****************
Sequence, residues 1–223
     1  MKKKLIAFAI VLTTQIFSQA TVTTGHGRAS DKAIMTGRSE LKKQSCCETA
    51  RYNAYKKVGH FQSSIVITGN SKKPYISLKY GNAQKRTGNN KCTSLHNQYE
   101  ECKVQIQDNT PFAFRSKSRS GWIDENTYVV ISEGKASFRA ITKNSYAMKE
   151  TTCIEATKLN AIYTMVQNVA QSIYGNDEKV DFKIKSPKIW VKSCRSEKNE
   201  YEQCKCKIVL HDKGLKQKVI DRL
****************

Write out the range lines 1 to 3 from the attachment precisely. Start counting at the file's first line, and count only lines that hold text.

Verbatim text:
Sequence, residues 1–223
     1  MKKKLIAFAI VLTTQIFSQA TVTTGHGRAS DKAIMTGRSE LKKQSCCETA
    51  RYNAYKKVGH FQSSIVITGN SKKPYISLKY GNAQKRTGNN KCTSLHNQYE